The global health sector has a responsibility to reduce its carbon footprint by adopting a decarbonisation pathway and to prepare itself for the increased disease burden
Glasgow as a lookup to Paris
The Paris Agreement, although not perfect, symbolises an achievement for global collective action on climate change. This year, governments have been expected to ratchet up their Nationally Determined Contributions (NDCs), hoping that this will lead to greater climate ambition. While NDCs seem to be inadequate to achieve this goal, the buzzword at the ongoing COP26 is ‘raising ambition’.
Emerging from the global pandemic, the COP this year has taken on new dimensions, with hard lessons on crisis response still fresh in memory. The pandemic not just put the spotlight on the centrality of the health sector, it also drew attention to the sector’s, often neglected, environmental footprint. The sector is estimated to contribute around 4.4% (2 gigatonnes of CO2 equivalent) of global net emissions and is growing. About 71% of emissions come from its supply chain through production, transport, and disposal of goods and services. The sector’s carbon footprint is likely to triple between now and 2050, if it is business as usual.
Health sector, a key area to consider
Clearly, the health sector has a responsibility to take climate actions—to reduce its carbon footprint by adopting a decarbonisation pathway and to prepare itself for the increased disease burden. Wider societal decarbonisation is crucial for the health sector to reach net-zero emissions, which includes every aspect associated with healthcare—buildings, energy, pharmaceuticals, transport, food and nutrition, medical waste management, and supply chains. Its delivery is reliant on several industries to provide and enable the functioning of healthcare infrastructure. For the health sector to fully decarbonise, it must do so in tandem with many other sectors of the economy and society.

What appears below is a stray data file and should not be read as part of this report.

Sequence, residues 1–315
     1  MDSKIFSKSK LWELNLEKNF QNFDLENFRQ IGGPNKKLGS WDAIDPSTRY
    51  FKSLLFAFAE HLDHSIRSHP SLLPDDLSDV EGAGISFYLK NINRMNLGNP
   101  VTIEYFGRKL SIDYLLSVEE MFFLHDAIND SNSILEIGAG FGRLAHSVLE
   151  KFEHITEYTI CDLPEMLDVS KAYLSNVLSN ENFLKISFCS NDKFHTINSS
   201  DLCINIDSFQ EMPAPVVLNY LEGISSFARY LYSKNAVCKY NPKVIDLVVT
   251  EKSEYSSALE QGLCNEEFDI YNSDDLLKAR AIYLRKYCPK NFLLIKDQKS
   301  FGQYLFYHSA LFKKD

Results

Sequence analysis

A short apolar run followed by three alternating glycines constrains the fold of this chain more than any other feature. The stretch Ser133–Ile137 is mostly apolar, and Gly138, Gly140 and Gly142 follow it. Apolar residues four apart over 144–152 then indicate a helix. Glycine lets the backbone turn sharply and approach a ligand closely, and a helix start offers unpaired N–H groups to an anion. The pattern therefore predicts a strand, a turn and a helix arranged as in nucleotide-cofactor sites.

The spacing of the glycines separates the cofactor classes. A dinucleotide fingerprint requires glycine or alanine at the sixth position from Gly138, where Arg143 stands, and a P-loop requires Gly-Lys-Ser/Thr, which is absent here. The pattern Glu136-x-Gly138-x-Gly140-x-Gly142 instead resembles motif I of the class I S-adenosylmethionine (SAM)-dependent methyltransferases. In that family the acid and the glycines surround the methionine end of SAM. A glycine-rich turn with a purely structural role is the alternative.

Differential but merged responsibilities
The pandemic exposed the wide inequalities prevalent in health and healthcare access within and between the countries of the world. Countries’ health sectors have common, but differentiated responsibilities, and respective capabilities, to get to net-zero emissions. This demonstrates that both developed and developing countries have multiple responsibilities and obligations for curbing health sector emissions. Wealthier nations have to undertake healthcare reform that is cross-cutting, while low- and middle-income countries may have the opportunity to establish a new model altogether. Transformation must also occur in conjunction with health, equity, and climate priorities.
Countries with larger, resource-intensive healthcare networks must work towards reducing their carbon footprints rapidly and steeply. Simultaneously, those whose emissions are less must adopt climate-smart sustainable solutions to develop their respective health infrastructure. Low- and middle-income countries, in particular, will often require support from financing mechanisms, like the Green Climate Fund, the Global Environment Facility, multilateral development banks, and bilateral aid to make their healthcare systems climate-smart. To facilitate this very important support, climate financing mechanisms must recognise and prioritise the requirements of the health sector.
Where India stands
India has not yet developed a GHG inventory for its health sector. At present, the best estimates come from Healthcare without Harm, an international non-governmental organisation, which estimates India’s health sector to account for about 1.5% of its total GHG emissions. This share of GHG contribution might look low at the moment, but it could easily rise steeply in future projections. This, however, also means that there is an opportunity for both public and private healthcare systems to develop in a more sustainable manner, which would enable avoiding these future emissions increases. Decarbonising healthcare in both the government and private sector in India, and improving its efficiency, is a step forward in this direction, but it cannot be achieved without the participation of the state governments.
The first step is to estimate this sector’s emissions at national and state levels and put forth coherent strategies to decarbonise it. While doing so, the health sector will not only contribute in achieving the national mitigation targets, but will also increase resilience of the sector.
Amidst uncertainties associated with climate change, strengthening and transforming India’s health systems and its paraphernalia is of paramount importance in order to prepare for the worst emergencies, while at the same time continuing India’s aggressive agenda in support of health, environmental and climate priorities on global platforms.
Abhijit Basu is senior programme coordinator (climate) for the Centre for Chronic Disease Control